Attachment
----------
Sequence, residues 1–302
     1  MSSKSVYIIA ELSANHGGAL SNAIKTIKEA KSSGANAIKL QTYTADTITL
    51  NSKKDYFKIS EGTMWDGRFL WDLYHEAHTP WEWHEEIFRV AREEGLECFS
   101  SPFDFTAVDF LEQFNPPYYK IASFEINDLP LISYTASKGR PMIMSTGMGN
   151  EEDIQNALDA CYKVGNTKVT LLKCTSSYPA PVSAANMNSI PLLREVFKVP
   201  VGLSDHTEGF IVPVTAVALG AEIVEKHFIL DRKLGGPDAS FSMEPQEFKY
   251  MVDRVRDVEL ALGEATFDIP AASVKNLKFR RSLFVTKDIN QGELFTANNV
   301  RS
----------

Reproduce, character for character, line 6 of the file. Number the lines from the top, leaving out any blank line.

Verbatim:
   201  VGLSDHTEGF IVPVTAVALG AEIVEKHFIL DRKLGGPDAS FSMEPQEFKY